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Rejected FARC deal earns Colombian president the Nobel Peace Prize

On Friday, Colombian President Juan Manuel Santos was awarded the Nobel Peace Prize for his work to negotiate a treaty with the guerrilla group FARC and put an end to the longest-running war in the Western Hemisphere. The honor was received five days after the Colombian people narrowly rejected Santos' deal in a referendum. Chief foreign affairs correspondent Margaret Warner reports.

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    The recipient of the Nobel Peace Prize was announced this morning, its laureate chosen from a record 376 nominees. And, as in years past, the Nobel Committee had both a surprise and a message to convey.

    Chief foreign affairs correspondent Margaret Warner reports.

  • PRESIDENT JUAN MANUEL SANTOS, Colombia (voice-over):

    I don't receive this in my name, but in the name of all Colombians, especially the millions of victims from this conflict we have been suffering for more than 50 years.


    The new Nobel Peace Prize laureate, Colombian President Juan Manuel Santos, met the news by vowing to ensure that this hemisphere's longest war will finally, officially be ended.

  • PRESIDENT JUAN MANUEL SANTOS (through translator):

    To this cause, I will dedicate my efforts for the remainder of my days. Thanks to God, peace is near. Together, together, as a nation, we will construct it.


    The Nobel announcement came just five days after Colombian voters narrowly rejected a peace deal negotiated between Santos' government and the FARC rebel group.

    But, in Oslo, Norway, the Peace Prize Committee voiced hope.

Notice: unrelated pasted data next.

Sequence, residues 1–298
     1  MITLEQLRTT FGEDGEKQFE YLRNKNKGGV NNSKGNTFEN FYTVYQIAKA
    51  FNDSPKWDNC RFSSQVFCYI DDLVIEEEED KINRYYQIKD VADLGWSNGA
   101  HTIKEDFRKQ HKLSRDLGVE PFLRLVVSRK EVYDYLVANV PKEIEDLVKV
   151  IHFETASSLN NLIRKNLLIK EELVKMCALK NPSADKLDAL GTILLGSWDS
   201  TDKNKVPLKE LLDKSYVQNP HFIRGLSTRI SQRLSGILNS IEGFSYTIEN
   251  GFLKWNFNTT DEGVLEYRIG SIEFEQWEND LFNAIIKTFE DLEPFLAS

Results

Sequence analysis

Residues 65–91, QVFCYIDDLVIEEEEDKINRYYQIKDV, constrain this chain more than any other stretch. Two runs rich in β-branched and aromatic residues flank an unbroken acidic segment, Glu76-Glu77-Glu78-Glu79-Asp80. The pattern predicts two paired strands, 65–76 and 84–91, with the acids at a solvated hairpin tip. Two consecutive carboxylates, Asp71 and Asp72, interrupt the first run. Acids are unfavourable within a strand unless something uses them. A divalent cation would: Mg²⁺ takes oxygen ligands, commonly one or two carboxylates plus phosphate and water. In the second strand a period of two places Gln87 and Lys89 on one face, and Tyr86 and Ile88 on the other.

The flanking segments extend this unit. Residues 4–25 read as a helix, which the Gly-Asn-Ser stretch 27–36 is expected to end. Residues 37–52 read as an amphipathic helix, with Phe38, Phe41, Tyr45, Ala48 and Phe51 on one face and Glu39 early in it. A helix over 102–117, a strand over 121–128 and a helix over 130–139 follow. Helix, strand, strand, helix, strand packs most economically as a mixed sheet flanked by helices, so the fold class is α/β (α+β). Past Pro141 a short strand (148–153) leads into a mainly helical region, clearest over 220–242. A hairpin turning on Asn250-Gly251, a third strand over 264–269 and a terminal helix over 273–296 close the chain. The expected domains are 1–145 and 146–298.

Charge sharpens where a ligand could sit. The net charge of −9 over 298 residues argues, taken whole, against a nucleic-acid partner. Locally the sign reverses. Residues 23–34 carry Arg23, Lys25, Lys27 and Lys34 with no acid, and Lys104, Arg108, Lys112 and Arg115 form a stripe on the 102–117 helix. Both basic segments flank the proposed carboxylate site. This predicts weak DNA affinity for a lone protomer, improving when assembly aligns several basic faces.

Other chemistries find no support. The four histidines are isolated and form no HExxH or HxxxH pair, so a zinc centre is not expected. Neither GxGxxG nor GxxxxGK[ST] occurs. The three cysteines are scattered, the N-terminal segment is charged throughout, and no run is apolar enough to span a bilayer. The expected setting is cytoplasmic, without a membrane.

• KACI KULLMANN FIVE, Chair, Norwegian Nobel Committee:

    The fact that the majority of the voters said no to the peace accord doesn't necessarily mean that the peace process is dead. What the no-side rejected wasn't the desire for peace, but a specific peace agreement.


    In a break with Nobel tradition honoring leaders who settle conflicts, Santos' counterpart in the peace talks, FARC leader Rodrigo Londono wasn't recognized by the committee.

    Yet, on Twitter today, Londono congratulated Santos and said: "The only prize to which we aspire is that of peace with social justice for Colombia, without paramilitarism, without retaliation, nor lies."

    A prominent former captive of the FARC, Ingrid Betancourt, said the rebels should share the prize. She was kidnapped in 2002 as she campaigned for the Colombian presidency herself, and was held hostage for six years.

    INGRID BETANCOURT, Former "FARC" Hostage: It's hard for me to say it, but I have to be just. And even though they were my captors and I suffered in their hands, I think that it's true that they transformed themselves. This wouldn't have been possible eight years ago, when I was abducted.


    Ironically, even as President Santos is recognized internationally, he is facing a political headwinds at home. His approval ratings plummeted below 30 percent early this year, amid rising food prices and dissatisfaction with his handling of the peace talks. It is unclear if today's honor will make any difference in his standing.

    Many Colombians, after a war that claimed more than 220,000 lives, felt the peace agreement was overly generous to the FARC.

    For some, the Nobel may do little to change their minds.

  • JESUS MENDOZA, Construction Worker (through translator):

    I think it is a farce that that man has won the prize. I think it is a farce.


    Yet the Peace Prize appeared to energize others who have backed the Colombian president.

  • MANUEL ECHEVARRIA, Peace Accord Supporter (through translator):

    This international support is going to apply pressure on all involved parties in the negotiation. We think this helps. They all have to understand that the world, too, wants peace in Colombia.


    When Santos himself sat down with the "NewsHour" in February, he acknowledged the difficulties ahead, especially reintegrating thousands of former fighters into society.


    Kids that only know how to shoot, they were born in the guerrilla camps. And these have to be retrained and reeducated. And there's a process. It's cumbersome, it's difficult, but it's necessary.


    But then, the prospects of an accord that the people would accept seemed promising.


    A peace agreement is never perfect. Always, you have people from one side or the other criticizing it.


    Now both sides have to renegotiate, even as a cease-fire with the FARC formally expires at the end of this month.

    For the "PBS NewsHour," I'm Margaret Warner.

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